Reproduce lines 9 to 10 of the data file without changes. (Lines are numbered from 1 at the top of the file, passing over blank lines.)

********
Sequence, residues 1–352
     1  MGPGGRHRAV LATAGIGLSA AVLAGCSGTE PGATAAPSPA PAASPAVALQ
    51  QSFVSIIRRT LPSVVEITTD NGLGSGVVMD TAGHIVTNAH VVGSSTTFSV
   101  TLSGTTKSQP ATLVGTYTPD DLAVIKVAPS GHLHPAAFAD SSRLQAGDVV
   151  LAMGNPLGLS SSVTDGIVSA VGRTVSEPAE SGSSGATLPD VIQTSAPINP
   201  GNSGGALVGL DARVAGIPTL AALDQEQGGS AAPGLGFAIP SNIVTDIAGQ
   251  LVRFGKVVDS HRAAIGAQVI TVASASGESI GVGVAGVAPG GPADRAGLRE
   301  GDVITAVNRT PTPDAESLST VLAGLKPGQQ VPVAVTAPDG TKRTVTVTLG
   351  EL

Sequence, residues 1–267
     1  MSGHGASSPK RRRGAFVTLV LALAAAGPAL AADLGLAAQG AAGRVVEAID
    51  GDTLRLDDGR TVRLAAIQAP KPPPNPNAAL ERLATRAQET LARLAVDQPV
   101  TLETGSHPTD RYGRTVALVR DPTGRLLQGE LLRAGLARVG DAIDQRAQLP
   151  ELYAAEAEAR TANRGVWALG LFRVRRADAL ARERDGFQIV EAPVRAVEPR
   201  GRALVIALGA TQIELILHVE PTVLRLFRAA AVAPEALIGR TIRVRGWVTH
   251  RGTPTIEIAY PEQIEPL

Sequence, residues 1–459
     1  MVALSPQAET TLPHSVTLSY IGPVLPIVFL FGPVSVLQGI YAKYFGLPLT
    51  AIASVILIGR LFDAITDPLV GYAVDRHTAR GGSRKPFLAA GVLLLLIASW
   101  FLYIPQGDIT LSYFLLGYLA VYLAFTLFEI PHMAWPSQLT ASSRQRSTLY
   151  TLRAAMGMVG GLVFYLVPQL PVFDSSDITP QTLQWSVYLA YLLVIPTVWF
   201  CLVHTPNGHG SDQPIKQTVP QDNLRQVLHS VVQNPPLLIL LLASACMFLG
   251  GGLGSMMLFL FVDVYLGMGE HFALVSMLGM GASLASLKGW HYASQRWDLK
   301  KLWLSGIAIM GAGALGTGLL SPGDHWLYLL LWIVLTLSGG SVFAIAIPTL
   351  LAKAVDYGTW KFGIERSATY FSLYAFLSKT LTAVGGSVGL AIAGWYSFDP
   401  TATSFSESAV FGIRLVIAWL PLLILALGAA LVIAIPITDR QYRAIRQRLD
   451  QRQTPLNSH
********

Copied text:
   351  EL

Sequence, residues 1–267